The Fate of Rome: Cli­mate, Dis­ease and the End of an Em­pire by KYLE HARPER

Cosmos - - Spectrum - — AN­DREW MASTER­SON

Prince­ton Univer­sity Press ( 2017) RRP $ 35.00 “EX­PLA­NA­TIONS FOR the fall of Rome have never been lack­ing,” writes Kyle Harper early on in this mag­is­te­rial in­ves­ti­ga­tion into the end of the most pow­er­ful civil­i­sa­tion in the pre-in­dus­trial world. “There is a traf­fic jam of con­tend­ing the­o­ries. A Ger­man clas­si­cist cat­a­logued 210 hy­pothe­ses on of­fer.”

Now there are 211 – al­though this one is go­ing to take some beat­ing.

Harper is pro­fes­sor of clas­sics and let­ters at the Univer­sity of Ok­la­homa. His pre­vi­ous books have cov­ered slav­ery and sex­ual moral­ity in the Ro­man world. In this one, how­ever, he joins his ex­ten­sive knowl­edge of Ro­man-era texts, and the more re­cent schol­ar­ship that builds upon them, with equally im­pres­sive for­ays into cli­mate and epi­demi­ol­ogy.

Bugs and chang­ing weather pat­terns, he as­serts, were ma­jor in­flu­ences on the early suc­cess and later fail­ure of Rome. On the mat­ter of cli­mate change, he is on pretty firm ground, able to de­ploy ev­i­dence to posit a for­tu­itous pe­riod known as the Ro­man Cli­mate Op­ti­mum that un­der­pinned what Ed­ward Gib­bon termed “Rome’s hap­pi­est age” (Gib­bon, nat­u­rally, is a fre­quent ref­er­ence), fol­lowed by less stable con­di­tions around the time of the sack­ing of Rome it­self and, later, the de­cline of the em­pire in the east.

On the mat­ter of the in­flu­ence of pathogens, he is some­times on more spec­u­la­tive ground – DNA ev­i­dence of plagues not­with­stand­ing – and re­lies on per­haps con­tentious in­ter­pre­ta­tions of pas­sages from Ro­man writ­ers. The to­tal­ity of his ar­gu­ment, how­ever, is per­sua­sive, and his ap­proach el­e­gant and elo­quent. “Bi­o­log­i­cal change was even more force­ful than the phys­i­cal cli­mate in de­cid­ing the fate of Rome,” he writes. “Of course, the two were not, and are not, un­con­nected.”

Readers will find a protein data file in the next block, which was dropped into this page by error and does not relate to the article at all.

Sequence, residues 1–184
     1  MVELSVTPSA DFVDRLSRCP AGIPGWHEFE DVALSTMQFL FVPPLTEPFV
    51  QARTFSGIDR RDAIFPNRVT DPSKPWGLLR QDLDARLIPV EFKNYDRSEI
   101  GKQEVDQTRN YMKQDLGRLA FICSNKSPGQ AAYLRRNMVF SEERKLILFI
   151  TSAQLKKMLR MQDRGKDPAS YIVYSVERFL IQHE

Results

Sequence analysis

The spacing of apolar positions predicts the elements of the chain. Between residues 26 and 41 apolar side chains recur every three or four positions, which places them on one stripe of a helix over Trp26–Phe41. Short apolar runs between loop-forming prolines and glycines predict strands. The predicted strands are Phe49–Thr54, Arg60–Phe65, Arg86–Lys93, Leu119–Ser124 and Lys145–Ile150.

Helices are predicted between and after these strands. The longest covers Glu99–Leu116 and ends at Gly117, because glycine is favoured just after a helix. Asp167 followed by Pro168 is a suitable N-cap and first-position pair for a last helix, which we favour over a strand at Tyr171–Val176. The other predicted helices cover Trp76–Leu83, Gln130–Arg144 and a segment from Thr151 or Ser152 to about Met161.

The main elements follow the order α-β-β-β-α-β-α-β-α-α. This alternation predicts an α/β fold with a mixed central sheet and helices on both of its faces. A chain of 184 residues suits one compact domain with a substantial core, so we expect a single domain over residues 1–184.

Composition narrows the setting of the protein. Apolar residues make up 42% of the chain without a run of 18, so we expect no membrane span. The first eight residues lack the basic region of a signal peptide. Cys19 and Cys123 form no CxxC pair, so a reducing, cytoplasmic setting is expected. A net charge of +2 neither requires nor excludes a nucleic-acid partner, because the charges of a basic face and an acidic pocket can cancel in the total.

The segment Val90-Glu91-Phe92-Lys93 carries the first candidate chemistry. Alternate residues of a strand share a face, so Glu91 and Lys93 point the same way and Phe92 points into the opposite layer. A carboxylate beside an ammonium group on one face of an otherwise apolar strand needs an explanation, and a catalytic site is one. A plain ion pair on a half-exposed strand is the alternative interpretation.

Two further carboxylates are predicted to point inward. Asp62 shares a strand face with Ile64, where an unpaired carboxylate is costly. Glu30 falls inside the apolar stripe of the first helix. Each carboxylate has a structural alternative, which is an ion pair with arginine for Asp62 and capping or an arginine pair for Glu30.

In the course of the book – heav­ily armed with maps, graphs, end­notes, ap­pen­dices and a bib­li­og­ra­phy – Harper uses cli­mate and dis­ease data to fi­nesse the two lead­ing the­o­ries of Rome’s demise: “in­her­ently un­sus­tain­able me­chan­ics of the im­pe­rial sys­tem and the gath­er­ing ex­ter­nal pres­sures along the fron­tiers of em­pire”.

Both have much merit – and ac­quire more with cli­mate and pathogens added. In so do­ing, Harper re­sets other favoured causes for the end of em­pire, di­min­ish­ing some in the process. “The coming of the Huns,” he notes, “did not, by it­self, spell the doom of the western em­pire.” The Huns did not con­quer much; the en­tire Asian steppe “shifted its weight”.

The Fate of Rome should prob­a­bly sit on shelves next to Gib­bon’s mas­ter­work. In time, one feels, it will be seen ev­ery bit as much an es­sen­tial text.

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